Rod Dreher

I’m going to spare you all another rant about the idiotic system of state-run wine and spirits stores in Pennsylvania. You know the drill: the state holds a monopoly on wine and spirits sales, making all clerks in the state-run stores civil servants. I have complained nastily here about the crappy selection and service you get in these places, and vowed never to shop there again. Well, I had to break my vow yesterday afternoon to buy a bottle of Veuve Clicquot Champagne for my niece’s farewell dinner on Sunday night. I was sorely tempted to make the long drive to Jersey to get a grower’s Champagne at Moore Bros., but the prospect of having to do that with three children in tow, absent their mother, was too depressing.
I stopped at one state-owned store, and saw a sign on the shelf instructing Veuve Clicquot customers to ask at the register if they wanted to buy a bottle of it. The lines were long at the two registers that were open, so when I saw a clerk walk up to a third register and start fiddling with it, and I spotted a bottle of Veuve on the shelf behind him, I asked him about it.
“I’m not open,” he said.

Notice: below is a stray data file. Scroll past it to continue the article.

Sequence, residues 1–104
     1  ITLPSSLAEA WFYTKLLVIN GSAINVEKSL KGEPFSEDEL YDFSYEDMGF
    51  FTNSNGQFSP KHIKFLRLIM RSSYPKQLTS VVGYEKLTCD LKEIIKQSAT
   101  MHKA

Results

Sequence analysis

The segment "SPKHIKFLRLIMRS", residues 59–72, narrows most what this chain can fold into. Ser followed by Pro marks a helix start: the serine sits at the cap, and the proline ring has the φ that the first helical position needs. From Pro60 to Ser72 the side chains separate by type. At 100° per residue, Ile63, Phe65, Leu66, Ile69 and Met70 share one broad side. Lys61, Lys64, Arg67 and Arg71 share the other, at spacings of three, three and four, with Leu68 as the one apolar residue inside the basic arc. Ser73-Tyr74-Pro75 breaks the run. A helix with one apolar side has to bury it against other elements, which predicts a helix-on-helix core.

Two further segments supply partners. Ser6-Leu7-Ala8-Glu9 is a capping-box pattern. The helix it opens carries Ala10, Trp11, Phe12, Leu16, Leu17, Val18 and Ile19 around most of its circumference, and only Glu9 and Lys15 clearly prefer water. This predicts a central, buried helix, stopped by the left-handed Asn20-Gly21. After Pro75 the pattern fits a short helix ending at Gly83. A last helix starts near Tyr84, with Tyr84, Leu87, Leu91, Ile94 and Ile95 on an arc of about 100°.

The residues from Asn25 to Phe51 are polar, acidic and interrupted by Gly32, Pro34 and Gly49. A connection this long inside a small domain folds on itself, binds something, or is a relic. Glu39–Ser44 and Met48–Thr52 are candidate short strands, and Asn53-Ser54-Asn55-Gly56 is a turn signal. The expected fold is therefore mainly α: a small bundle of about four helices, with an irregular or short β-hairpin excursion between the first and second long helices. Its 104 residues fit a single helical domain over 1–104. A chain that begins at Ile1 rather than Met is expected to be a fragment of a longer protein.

“OK, but can you tell me how to get Veuve Clicquot? The sign on the shelf said to ask at the register.”
“Veuve Clicquot. That Champagne on the shelf right behind you.”
“Which one?”
“The orange label.”
It should be said that the Veuve Clicquot label is one of the most famous and recognizable wine labels in the world. This clerk had no idea what it was. He looked at the bottle on the shelf, then looked at me like I was an idiot.
“You have to ask about it at the register.”
Like the one this guy was standing at. With a bottle of the wine I wanted to buy. On the shelf right behind him.
I walked out. I stopped by the Sovietized wine shop in my neighborhood to see if I could buy a bottle of Veuve Clicquot like a normal person. Indeed, there was a bottle of the stuff in the cooler. It was $10 more expensive than I would have paid elsewhere, but there was no elsewhere. As I waited in line to exchange cash for it, a customer stopped at a wine display next to the register and asked the clerk to tell him something about the wine.
“People buying it,” she said. “But I ain’t know nothing about it.” She looked at the label. “That’s a Burgundy.” Boorgundy.
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She shrugged, then went back to checking people out. The customer skulked off.
The woman doesn’t know anything about a product her store is selling — that indeed her store is featuring prominently in a display near the register. She didn’t offer to find someone who could help the man who wanted to know something about the product. The truth is, there was probably not a soul on staff at that store who could have helped. Heroes of Socialist Labor medals all around!

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